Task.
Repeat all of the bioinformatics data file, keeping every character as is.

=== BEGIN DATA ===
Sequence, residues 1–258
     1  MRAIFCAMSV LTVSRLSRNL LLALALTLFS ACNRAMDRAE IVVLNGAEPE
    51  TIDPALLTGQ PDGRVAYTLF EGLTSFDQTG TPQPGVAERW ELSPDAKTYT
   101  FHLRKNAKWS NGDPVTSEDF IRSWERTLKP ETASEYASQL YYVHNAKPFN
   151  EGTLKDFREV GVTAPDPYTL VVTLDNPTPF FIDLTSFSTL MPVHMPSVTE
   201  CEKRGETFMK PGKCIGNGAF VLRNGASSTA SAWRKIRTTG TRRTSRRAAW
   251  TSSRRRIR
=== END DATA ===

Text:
Sequence, residues 1–258
     1  MRAIFCAMSV LTVSRLSRNL LLALALTLFS ACNRAMDRAE IVVLNGAEPE
    51  TIDPALLTGQ PDGRVAYTLF EGLTSFDQTG TPQPGVAERW ELSPDAKTYT
   101  FHLRKNAKWS NGDPVTSEDF IRSWERTLKP ETASEYASQL YYVHNAKPFN
   151  EGTLKDFREV GVTAPDPYTL VVTLDNPTPF FIDLTSFSTL MPVHMPSVTE
   201  CEKRGETFMK PGKCIGNGAF VLRNGASSTA SAWRKIRTTG TRRTSRRAAW
   251  TSSRRRIR